Chiefs begin picking up pieces after heartache

The Kansas City Chiefs returned to work Monday at their practice

facility near Arrowhead Stadium, trying to find a sense of normalcy

after two days of unimaginable heartache.

It proved nearly impossible to do.

The locker that once belong to Jovan Belcher, the linebacker who

killed his girlfriend and then turned the gun on himself Saturday,

still had all his belongings in it. His shoes were piled up on the

floor and freshly laundered clothes hung from a hook.

To enter the building, Chiefs coach Romeo Crennel and general

manager Scott Pioli had to walk past the place in the parking lot

where Belcher put the gun to his head and pulled the trigger, and

Crennel admitted that an unsettling feeling came over him.

Teammates gathered in meetings and to watch film from Sunday’s

27-21 win against the Carolina Panthers, one that ended an

eight-game losing streak. They couldn’t help but notice the empty

seat that once belonged to their close friend.

”We have to deal with the events of the last few days, and it’s

not over, and it may not be over for some of us for most of our

lives, but time heals all wounds, and so we’re going to start

working on the time thing,” said Crennel, who’s been a rock for

everyone in the organization.

”It was like coming to work like you normally do,” he said.

”Now you think about the events as you walk through the door and

walk through the parking lot, but you know the events are over, and

you can’t undo them. All you can do is work for the future and

toward the future.”

Following the emotional victory over Carolina, Crennel declined

to discuss many of the details surrounding Belcher’s suicide. He

shared a bit more on Monday while attempting to prepare his team

for the next game, including his exchange with the linebacker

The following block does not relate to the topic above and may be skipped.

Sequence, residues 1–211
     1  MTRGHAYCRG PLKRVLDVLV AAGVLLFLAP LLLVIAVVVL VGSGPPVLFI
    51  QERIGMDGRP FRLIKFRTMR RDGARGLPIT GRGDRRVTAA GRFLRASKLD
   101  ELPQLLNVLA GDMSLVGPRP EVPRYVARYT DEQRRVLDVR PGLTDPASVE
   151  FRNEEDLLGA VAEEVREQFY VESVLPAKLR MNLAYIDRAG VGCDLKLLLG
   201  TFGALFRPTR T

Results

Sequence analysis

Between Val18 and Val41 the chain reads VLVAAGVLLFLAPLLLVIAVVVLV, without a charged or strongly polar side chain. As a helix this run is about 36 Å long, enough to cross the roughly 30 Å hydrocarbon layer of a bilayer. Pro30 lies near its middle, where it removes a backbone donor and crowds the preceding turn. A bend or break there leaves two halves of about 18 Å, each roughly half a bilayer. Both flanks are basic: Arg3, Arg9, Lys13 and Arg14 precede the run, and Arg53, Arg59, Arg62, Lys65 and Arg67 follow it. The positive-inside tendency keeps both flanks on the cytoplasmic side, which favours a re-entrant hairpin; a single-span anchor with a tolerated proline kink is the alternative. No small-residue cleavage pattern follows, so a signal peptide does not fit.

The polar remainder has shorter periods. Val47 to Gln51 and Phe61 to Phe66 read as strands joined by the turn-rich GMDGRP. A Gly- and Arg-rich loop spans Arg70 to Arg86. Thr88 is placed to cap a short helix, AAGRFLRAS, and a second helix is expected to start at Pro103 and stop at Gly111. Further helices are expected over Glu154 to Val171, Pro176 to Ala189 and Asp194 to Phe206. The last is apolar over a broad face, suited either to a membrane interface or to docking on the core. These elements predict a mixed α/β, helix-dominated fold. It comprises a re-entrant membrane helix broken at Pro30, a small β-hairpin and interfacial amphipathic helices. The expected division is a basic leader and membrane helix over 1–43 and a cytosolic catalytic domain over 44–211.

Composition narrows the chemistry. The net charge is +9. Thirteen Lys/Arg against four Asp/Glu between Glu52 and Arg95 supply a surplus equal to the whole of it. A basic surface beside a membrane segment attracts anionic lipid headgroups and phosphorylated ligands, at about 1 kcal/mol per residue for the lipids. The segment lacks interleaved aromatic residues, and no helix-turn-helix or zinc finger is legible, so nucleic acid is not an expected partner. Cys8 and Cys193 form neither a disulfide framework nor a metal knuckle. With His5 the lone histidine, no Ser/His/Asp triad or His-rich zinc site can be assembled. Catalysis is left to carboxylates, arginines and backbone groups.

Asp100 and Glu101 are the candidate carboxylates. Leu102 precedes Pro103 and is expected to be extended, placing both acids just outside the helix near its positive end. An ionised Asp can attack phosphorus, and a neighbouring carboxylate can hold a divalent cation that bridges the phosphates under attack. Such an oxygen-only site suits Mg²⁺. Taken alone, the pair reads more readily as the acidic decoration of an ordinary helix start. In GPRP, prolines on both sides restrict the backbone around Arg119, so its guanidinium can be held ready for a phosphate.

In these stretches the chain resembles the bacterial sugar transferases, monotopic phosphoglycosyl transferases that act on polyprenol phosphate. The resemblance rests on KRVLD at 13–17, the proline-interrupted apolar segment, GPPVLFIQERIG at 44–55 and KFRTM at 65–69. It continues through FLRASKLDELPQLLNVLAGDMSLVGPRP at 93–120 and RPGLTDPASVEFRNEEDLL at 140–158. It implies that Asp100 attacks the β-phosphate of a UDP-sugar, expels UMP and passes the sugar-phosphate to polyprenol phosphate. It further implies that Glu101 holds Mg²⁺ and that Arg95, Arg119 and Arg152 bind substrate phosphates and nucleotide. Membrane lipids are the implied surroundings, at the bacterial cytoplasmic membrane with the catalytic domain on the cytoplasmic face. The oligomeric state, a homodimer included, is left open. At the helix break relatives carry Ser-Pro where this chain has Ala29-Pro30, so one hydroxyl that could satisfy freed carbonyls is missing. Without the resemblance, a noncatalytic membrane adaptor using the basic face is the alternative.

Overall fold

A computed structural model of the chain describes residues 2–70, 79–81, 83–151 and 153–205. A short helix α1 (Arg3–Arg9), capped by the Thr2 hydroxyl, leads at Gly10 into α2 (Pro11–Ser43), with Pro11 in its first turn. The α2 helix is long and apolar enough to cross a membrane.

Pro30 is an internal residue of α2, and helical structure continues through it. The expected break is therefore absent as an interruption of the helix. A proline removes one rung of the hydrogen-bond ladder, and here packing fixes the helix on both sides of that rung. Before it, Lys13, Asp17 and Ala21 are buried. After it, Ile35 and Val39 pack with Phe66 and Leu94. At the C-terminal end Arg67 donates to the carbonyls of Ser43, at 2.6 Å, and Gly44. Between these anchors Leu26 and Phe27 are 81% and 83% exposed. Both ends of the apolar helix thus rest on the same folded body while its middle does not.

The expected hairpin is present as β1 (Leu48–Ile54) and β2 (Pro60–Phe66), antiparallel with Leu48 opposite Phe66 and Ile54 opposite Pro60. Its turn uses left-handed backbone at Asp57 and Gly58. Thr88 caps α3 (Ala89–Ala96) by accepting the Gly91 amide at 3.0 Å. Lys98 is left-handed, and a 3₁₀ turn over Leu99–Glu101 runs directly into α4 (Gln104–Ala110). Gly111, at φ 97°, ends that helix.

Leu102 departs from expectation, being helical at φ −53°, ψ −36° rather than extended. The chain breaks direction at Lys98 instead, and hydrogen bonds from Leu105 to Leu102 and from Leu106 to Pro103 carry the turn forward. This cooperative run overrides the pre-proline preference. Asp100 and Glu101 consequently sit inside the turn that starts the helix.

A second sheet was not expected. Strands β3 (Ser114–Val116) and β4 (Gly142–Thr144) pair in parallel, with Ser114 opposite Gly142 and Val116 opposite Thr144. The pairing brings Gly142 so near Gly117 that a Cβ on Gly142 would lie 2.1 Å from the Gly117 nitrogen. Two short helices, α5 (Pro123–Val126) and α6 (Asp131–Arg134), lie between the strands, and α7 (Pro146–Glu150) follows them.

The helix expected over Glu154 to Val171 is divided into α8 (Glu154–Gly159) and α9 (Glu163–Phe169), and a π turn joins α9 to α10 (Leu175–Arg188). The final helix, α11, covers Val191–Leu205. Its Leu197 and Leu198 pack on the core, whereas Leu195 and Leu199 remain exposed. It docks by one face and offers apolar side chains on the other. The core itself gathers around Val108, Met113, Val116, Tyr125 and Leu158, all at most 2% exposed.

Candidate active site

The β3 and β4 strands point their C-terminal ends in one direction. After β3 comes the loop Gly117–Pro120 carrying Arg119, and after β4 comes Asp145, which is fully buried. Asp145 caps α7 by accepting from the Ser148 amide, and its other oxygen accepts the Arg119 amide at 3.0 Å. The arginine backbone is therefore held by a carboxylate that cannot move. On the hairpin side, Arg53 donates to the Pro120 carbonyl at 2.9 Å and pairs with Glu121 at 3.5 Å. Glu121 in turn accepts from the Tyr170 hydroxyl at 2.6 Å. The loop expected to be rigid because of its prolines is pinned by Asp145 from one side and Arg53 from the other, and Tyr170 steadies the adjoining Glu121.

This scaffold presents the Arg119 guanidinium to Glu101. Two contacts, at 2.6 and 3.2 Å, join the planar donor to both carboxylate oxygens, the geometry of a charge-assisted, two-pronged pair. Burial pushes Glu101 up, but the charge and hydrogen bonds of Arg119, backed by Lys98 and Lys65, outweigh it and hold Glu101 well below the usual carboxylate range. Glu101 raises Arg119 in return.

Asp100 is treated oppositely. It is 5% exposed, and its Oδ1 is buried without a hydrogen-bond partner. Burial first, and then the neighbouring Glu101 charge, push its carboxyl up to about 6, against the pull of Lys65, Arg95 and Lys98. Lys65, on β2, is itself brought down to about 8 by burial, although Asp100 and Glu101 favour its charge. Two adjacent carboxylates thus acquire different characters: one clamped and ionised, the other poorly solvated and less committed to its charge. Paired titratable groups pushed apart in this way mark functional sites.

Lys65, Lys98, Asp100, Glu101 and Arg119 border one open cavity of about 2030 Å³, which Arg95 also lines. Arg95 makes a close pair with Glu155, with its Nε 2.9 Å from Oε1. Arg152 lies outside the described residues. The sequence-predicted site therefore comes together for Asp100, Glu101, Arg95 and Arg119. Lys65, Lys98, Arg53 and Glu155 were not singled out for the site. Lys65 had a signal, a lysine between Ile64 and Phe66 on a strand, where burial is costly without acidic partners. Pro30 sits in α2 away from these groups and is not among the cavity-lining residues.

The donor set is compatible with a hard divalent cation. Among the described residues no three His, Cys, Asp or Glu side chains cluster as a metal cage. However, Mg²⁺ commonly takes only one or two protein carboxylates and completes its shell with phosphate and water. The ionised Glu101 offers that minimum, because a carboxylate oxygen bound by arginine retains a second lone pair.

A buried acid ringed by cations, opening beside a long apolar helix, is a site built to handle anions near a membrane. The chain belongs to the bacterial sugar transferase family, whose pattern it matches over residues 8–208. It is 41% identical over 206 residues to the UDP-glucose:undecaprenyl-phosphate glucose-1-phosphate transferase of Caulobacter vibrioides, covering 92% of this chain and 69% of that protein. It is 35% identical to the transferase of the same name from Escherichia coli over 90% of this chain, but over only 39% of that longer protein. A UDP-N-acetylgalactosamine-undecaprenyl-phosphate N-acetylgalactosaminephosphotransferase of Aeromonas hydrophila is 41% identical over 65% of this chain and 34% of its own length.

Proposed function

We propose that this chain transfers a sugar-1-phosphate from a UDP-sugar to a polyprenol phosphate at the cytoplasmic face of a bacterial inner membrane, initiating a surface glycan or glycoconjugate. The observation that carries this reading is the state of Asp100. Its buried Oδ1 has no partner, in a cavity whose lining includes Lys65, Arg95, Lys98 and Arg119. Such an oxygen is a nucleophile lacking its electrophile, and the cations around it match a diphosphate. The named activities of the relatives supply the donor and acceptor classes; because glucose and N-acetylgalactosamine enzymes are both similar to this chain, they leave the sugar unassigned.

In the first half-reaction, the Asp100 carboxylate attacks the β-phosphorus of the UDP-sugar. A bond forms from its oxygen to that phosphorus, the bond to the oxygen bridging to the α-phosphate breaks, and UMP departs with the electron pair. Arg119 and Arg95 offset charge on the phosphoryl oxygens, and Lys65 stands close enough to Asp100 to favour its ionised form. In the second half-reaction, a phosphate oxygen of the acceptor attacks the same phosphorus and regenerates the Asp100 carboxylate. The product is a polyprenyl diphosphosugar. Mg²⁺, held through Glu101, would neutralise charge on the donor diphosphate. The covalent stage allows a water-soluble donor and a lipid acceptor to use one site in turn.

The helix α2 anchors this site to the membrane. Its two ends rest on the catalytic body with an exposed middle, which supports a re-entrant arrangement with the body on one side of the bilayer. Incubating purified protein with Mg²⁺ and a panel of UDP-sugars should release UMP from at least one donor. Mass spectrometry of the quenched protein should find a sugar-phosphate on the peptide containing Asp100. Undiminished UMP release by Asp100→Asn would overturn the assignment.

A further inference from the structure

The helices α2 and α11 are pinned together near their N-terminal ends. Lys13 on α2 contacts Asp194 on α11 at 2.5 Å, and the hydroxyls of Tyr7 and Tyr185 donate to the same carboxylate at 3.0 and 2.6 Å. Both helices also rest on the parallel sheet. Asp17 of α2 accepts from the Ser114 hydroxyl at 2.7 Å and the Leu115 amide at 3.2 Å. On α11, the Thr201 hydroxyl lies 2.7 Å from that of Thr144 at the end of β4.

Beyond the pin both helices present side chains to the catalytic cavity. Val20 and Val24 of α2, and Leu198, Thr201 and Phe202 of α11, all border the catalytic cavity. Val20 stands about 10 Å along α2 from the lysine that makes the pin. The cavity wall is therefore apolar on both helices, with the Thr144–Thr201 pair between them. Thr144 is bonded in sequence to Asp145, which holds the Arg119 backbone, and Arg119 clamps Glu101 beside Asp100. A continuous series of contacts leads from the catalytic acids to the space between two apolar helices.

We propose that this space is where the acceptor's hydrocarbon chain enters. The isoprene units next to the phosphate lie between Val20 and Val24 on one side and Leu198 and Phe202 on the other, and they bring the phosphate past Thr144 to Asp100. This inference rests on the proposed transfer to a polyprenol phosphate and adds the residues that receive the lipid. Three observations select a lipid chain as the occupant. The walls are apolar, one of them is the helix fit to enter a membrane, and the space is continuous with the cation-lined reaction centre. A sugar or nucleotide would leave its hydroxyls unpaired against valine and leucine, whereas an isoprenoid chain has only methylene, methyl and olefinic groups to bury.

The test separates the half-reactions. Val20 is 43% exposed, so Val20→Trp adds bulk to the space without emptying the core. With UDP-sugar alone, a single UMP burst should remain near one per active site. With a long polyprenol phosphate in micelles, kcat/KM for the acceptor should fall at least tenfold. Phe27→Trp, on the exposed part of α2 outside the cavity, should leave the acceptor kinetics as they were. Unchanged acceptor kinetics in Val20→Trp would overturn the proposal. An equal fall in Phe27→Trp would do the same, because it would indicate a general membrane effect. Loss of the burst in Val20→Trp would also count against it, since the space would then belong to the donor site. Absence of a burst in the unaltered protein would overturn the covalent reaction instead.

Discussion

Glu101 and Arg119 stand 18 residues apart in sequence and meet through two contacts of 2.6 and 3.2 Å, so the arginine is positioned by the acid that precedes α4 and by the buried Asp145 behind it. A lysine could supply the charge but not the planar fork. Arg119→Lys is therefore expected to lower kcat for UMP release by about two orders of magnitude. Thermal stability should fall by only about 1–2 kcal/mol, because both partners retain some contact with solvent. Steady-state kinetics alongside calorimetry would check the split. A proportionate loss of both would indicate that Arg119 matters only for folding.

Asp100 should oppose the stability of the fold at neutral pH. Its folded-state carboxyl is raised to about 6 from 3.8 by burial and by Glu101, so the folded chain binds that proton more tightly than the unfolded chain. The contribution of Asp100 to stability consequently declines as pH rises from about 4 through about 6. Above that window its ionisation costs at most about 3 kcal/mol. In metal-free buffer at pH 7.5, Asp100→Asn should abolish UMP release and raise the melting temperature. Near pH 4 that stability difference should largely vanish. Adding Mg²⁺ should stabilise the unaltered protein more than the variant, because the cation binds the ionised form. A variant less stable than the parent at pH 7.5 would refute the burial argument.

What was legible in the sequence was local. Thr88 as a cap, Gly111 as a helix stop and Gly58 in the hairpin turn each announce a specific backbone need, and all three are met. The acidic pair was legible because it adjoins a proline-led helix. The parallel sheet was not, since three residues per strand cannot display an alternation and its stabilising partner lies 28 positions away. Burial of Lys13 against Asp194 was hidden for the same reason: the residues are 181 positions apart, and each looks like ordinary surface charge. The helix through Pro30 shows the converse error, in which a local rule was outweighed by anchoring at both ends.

moments before his death.

”I was trying to get him to understand that life is not over,

he still has a chance and let’s get this worked out,” said

Crennel, who didn’t know about Perkins’ murder while he talked to

Belcher.

Crennel, who has coached at the college or pro level for more

than 40 years, said he had never seen Belcher with a gun before,

and expressed his concerns over players owning firearms without

knowing the laws.

”Generally what we’ve attempted to do was tell them to know the

law, turn your gun in to our security people, let us hold onto it

and then after that, if you need it, you can take it home,” he

said. ”You can go put it in your safe or whatever you need to do

with it, but the law allows for them to have guns.”

Much of Monday seemed quite normal for the Chiefs.

They gathered for their normal team meetings in the morning, and

watched video of their win over Carolina. They broke mid-afternoon

to begin planning for next Sunday’s visit to Cleveland.

Still, there were signs at every turn that nothing was quite as

usual.

Chiefs chairman Clark Hunt routinely sticks around the day after

a game, but this time he was there to lend support to an

organization in mourning. Chaplains were also at the facility, as

were outside counselors brought in to help players and staff come

to grips with tragedy.

”It’s new territory for everyone,” tight end Tony Moeaki said.

”We’re all trying to figure out how to handle the situation. We’re

just trying to take it one day at a time, come into meetings – it’s

nice to be in meetings, watching film. Your mind’s not on it as

much.”

Linebacker Brandon Siler said he spent Thanksgiving with

Belcher, and ”it was Thanksgiving as you know it, all laughs and

praying and loving.”

”It was hard to walk back in the parking lot, but it was harder

to sit in the meetings,” Siler said. ”He sits right beside me.

That was hard. You keep looking at that seat, thinking he was going

to show up at some time, you know? That’s hard.”

Players were also struggling to reconcile the man they knew with

the man who murdered 22-year-old Kasandra M. Perkins, and who left

a 3-year-old girl, Zoey, an orphan.

”I try not to do it, really,” right tackle Eric Winston said.

”I just try to accept the fact who he was pre, and who he was

after, and I’m not sure those thoughts can live together, but until

the end of the season, that’s just going to have to do.”

Yes, there is still a season to be played.

The Chiefs visit the Browns on Sunday and visit Oakland the

following week, before returning home to play Indianapolis. Their

season finale is Dec. 30 at Denver.

”It’s something that there is no textbook on how to handle, and

how to feel, and there’s a lot of emotions, confusing emotions,”

center Ryan Lilja said. ”But we’re going to try to get back to

football as best we can, and let guys grieve whatever way they need

to, and be respectful of that, but we need to try to be back on

football, and it’s going to be tough.”

Online: http://pro32.ap.org and http://twitter.com/AP-NFL